The fourth-quarter loss was attributed to a planned reduction in production and $167.1 million in restructuring costs including the discontinuing of Buell. Revenue was down 40.2% from the $1.28 billion reported in fourth quarter 2008.
“Our full-year 2009 results were affected by the difficult economy, as well as the planned actions we took that resulted in restructuring charges of $224 million. We believe these actions are critical to restoring greater profitability and long-term growth to Harley-Davidson,” says Keith Wandell, Harley-Davidson, Inc. president and chief executive officer. “We are confident we have made the right decisions for our future, and we are executing our strategy with focused intensity.”
On the year, Harley-Davidson reports $4.29 billion in revenue, a 23.1% drop from the $5.58 billion reported in 2008. Income was reported at $70.6 million, down 89.7% from the 2008 figure of $684.2 million.
Harley-Davidson is also continuing its search for a buyer for MV Agusta. The brand is being classified a “discontinued operation”, for accounting purposes. Harley-Davidson reports a loss of $125.8 million from discontinued operation.
Wandell says 2010 will be another challenging year for Harley-Davidson. The Motor Company is planning to ship between 201,000 to 212,000 units to dealers worldwide, a 5%-10% drop from 2009 shipments. Between 52,000 and 57,000 will be shipped in the first quarter of 2010.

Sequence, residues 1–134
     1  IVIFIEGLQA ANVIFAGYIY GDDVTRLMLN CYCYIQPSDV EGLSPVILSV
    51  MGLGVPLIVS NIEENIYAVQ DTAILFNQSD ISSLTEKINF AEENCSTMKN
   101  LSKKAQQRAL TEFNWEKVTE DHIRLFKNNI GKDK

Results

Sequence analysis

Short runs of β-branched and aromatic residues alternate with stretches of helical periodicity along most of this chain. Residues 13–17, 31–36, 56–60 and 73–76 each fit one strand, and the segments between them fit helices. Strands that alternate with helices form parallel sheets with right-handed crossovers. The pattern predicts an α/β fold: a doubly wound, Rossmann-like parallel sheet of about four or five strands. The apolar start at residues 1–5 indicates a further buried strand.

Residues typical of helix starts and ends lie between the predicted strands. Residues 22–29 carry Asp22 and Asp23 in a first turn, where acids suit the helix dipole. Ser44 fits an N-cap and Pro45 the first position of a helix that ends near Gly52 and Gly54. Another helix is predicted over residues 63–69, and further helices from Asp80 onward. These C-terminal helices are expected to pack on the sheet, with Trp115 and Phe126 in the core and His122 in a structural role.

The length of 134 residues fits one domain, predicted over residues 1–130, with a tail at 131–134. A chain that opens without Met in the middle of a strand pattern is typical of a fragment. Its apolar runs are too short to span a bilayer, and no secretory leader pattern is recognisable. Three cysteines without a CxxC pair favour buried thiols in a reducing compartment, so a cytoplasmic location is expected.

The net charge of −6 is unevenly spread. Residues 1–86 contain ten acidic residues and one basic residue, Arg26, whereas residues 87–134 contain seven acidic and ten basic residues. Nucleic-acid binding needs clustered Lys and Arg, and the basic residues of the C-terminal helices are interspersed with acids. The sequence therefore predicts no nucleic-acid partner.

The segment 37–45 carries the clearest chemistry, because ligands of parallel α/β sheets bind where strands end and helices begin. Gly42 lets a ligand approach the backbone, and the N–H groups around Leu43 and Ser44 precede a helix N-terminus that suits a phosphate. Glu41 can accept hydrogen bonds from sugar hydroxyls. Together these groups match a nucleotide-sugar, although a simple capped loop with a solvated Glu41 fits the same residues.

“Focusing our investment behind the uniquely strong Harley-Davidson brand provides the most attractive path to sustained, long-term growth,” says Wandell. “We also expect to achieve substantial gains in the efficiency of our operations through continuous improvement.”
Harley-Davidson will also continue restructuring its operations at its York, Pa. facility. The company reached a seven-year agreement with the plant’s union in December that would keep operations in York while sacrificing nearly half the workforce.
"When the restructuring is completed, we will have completely changed the face of how we build motorcycles in York and we expect significantly greater manufacturing flexibility and significant annual cost savings from a more efficient operation,” says Wandell. “It is a tribute to our employees at York that they understood we could not continue on the course we were on, and they worked with us to find a better way.”